Seven Deadly Sins

If I were a religious man I’d say Apple is making a valiant effort at perpetrating as many of the Seven Deadly Sins as possible. The trial started because of their Lust, Greed, and Envy: They lusted for complete dominance of the market, their greed drove them to want to take all the profits not sharing the space with anyone, and the lusted envied anyone who got in their way with something new and interesting. Like petulant children they looked out at the world and noticed not everyone was eating from their orchard. And rather seeing this as a challenge and reason to excel, they set out to burn down the robot factories.

Now that they won they have moved on to another sin, the original, and most deadly of them all: Pride. In true Apple fashion the win was immediately touted as proof that Apple are the only true innovators in the space and that they have every right to beat down the completion on legal grounds rather than in the marketplace. Which is amusing because when Microsoft pulled the same stunt back in the 1980s and 90s, Apple painted the rival as the new Big Brother.

Imagine that. Apple is now Old Microsoft. Congratulations.

Welcome to Monopoly

Monopoly is a fun game but a horrible reality. Apple wants a monopoly on everything, and for some bizarre reason I can’t wrap my head around Apple fans, especially North American fans, want this to happen. Never mind monopolies are pretty much the antithesis of free market capitalism and the American Dream: Monopolies are one of the things that defined communist dictatorships! And that is the path we are now headed down.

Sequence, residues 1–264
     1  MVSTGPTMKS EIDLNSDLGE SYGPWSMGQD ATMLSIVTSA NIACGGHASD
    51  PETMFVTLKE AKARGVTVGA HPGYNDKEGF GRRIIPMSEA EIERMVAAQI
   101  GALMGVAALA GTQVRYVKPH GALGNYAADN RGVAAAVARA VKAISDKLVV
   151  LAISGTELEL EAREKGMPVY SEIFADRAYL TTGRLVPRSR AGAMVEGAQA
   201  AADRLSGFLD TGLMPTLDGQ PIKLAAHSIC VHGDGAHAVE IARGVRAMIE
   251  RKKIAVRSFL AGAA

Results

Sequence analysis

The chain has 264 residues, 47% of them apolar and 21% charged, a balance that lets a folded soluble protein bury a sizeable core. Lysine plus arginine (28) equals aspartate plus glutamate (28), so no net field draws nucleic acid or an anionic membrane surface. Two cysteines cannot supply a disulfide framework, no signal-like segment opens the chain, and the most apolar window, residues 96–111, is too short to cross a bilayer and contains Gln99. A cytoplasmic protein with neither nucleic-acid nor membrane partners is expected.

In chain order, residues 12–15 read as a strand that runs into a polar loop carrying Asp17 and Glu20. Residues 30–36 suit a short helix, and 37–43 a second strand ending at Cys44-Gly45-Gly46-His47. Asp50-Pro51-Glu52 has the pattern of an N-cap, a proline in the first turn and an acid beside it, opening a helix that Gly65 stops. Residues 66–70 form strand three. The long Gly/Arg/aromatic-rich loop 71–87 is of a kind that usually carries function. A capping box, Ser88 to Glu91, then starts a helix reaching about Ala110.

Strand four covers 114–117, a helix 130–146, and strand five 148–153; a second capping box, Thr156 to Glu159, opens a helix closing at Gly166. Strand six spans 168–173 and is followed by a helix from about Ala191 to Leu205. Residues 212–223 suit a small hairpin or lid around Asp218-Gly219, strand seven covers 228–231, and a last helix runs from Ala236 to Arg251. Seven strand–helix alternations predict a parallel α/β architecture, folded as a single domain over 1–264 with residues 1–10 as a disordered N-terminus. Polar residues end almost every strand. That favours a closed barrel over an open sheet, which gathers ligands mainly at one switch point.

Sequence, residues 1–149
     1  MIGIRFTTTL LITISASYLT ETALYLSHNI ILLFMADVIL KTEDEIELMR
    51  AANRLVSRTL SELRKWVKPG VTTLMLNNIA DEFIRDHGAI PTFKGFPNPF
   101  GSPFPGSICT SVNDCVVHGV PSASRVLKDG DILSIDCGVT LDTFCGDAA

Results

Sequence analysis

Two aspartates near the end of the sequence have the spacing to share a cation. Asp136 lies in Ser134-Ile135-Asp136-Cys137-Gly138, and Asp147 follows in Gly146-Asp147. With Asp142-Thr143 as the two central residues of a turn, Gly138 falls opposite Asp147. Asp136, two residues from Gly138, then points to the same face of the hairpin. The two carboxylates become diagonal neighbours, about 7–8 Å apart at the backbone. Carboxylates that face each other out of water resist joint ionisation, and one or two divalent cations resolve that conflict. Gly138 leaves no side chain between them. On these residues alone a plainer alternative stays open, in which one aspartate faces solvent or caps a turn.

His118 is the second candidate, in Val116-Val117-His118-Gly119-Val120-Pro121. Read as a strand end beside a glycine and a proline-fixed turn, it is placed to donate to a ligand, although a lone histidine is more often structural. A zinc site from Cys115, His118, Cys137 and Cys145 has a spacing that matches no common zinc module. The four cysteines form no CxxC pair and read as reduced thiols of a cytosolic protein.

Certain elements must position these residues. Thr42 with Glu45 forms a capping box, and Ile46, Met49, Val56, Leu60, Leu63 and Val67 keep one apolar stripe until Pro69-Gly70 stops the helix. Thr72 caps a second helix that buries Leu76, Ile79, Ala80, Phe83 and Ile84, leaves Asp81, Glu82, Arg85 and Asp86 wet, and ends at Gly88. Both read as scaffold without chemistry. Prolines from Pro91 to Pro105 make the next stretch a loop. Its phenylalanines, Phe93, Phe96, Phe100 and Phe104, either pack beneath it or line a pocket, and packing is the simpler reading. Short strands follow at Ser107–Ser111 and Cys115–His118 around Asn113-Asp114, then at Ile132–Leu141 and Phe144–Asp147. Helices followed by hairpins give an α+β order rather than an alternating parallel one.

Just to clear a few things: (a) The decision of the jury was in fact the correct one in accordance with US patent laws. The problem here is that those laws make no sense. (b) I do see Apple as a driving innovator in the field. However, despite what they say Apple did not invent everything in the field – in fact most of what they claim to have invented is derivative work they patented. There is a huge difference. There were touch screen phones before the iPhone and tablets before the iPad. (c) I don’t have a problem with Apple products. I have a problem with their monopolistic anti-competition policies. To my eyes Apple is making every effort to be the only company to supply smart phones, tablets, and other devices. That is not good for anyone but Apple share holders. (d) I am not a legal expert, I am a technologist and logician. The opinions expressed here are based on my understanding of the marketplace and a logical breakdown of the arguments presented by both sides of the debate.

Further Reading

For a an alternate, but not all that different, view check out Apple Winning the Patent Wars Is Great for Innovation over at Gizmodo. While I take the glass-pretty-much-empty approach to this, Jesus Diaz sees the verdict as a demarcation line from which Apple’s competitors will go new ways and create new innovative solutions for the smart phone market. Jesus as I are pretty much in agreement, we just differ on the final outcome.